Likewise, the percentage of all millennials who are "very concerned" about additional restrictions on religious freedoms in the next five years has increased 10 percentage points since 2012, to 25 percent.
"Over the last three years, younger Christians seem to have realized the incredible tension involved in issues of religious liberty," said David Kinnaman, the Barna Group's president, in a statement upon release of the polling data. "Perhaps they are more aware of this tension because of their presence on social media, where things can get personal. They see the debates about things like same-sex marriage and Kim Davis happening in real time. Younger Christians are recognizing the implications for their future — what perhaps once felt like something that would only affect clergy and Christian leaders, now feels like it could have a bearing on life for ordinary citizens."
Kim Davis is the Kentucky county clerk whose refusal to issue marriage licenses to gay couples landed her in jail. Republican presidential candidates have since cast her actions as those of a conscientious objector worthy of high praise, and former Arkansas Gov. Mike Huckabee and Texas Sen. Ted Cruz flocked to her side as she was released from state custody. Her story won her a brief appearance before Pope Francis during his visit to the United States, and she received the "Cost of Discipleship Award" at the Values Voters Summit in Washington, D.C.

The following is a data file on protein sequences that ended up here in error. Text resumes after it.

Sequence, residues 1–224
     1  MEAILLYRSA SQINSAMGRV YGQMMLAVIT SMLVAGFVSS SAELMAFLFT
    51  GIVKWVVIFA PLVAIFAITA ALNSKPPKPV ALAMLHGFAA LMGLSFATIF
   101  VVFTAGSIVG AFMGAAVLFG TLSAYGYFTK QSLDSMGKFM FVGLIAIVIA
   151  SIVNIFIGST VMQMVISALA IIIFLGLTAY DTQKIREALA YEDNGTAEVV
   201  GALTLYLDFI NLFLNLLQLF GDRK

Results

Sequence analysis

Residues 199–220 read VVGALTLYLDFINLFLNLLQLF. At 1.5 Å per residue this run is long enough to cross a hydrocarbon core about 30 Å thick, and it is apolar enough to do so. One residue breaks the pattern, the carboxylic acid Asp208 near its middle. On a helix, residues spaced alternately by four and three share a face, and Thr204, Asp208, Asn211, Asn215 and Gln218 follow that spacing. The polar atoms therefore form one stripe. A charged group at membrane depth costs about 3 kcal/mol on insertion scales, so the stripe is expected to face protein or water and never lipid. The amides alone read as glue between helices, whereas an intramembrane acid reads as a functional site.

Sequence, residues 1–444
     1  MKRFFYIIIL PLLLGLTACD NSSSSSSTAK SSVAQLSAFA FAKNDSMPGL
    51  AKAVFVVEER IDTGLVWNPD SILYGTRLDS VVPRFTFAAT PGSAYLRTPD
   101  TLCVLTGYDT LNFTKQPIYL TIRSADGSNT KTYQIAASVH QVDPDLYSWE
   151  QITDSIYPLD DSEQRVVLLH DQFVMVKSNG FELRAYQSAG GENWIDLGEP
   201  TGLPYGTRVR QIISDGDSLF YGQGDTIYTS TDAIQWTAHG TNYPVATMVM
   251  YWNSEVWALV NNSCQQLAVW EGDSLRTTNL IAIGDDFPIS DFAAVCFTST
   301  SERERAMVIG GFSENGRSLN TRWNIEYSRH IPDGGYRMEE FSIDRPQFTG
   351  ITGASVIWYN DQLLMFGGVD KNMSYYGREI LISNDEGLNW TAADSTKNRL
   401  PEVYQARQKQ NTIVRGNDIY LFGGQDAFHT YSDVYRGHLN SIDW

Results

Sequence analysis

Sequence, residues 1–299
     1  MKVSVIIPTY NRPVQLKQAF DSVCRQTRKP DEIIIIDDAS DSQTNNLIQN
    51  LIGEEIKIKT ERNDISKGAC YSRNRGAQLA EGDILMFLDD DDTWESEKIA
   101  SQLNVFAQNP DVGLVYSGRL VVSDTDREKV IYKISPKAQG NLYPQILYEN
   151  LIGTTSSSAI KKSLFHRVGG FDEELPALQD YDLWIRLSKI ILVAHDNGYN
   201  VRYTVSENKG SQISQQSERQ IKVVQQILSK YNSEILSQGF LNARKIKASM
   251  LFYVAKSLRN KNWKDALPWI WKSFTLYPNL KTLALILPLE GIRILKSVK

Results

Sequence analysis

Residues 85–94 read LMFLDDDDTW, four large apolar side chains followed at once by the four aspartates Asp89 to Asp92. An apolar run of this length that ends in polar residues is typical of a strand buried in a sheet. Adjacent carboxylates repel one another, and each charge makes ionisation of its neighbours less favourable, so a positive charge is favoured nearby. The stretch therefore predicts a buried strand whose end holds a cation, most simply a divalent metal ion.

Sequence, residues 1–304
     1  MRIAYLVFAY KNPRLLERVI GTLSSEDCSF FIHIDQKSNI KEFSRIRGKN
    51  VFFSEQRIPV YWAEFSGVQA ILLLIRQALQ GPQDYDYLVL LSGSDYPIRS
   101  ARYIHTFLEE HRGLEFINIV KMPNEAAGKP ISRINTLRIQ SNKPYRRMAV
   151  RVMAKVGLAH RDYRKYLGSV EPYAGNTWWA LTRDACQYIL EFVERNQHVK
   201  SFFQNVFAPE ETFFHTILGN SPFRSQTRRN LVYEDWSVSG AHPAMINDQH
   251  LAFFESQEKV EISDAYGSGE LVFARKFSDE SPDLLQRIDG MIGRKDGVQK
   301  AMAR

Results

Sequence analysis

Along the way, Davis experienced a jailhouse conversion and changed her party affiliation from Democrat to Republican, which is a decision that she said influenced her entire family. Davis told Reuters that she decided to switch her party affiliation after talking with her husband about how the Democratic Party had long since left them behind. But Davis, who has been married four times, may not be the GOP's ideal mascot on social issues.
On the day Davis announced her decision to become a Republican, House Speaker John Boehner revealed his intention to vacate his seat in Congress. This prompted conservatives' concerns that Boehner would work with Democrats and cut a deal with House Minority Leader Nancy Pelosi to secure all of Obama's agenda before he quits public office. The commotion led South Carolina Democratic politician Bakari Sellers to declare on Twitter, "We hereby trade you Kim Davis for Speaker Boehner."
Whether the Republican Party wants to make just such a trade, choosing a political novice over the status quo, has become a defining theme of the GOP race for the White House where outsider presidential candidates have ruled the roost. Regardless of what choice the GOP makes now, its ability to leverage voters' anti-incumbent mood could determine its success in 2016.
"There are no perfect people, therefore there are no perfect parties," Connelly said, "but our party sure has been right a lot more than the other one on all those issues that people in the church care about."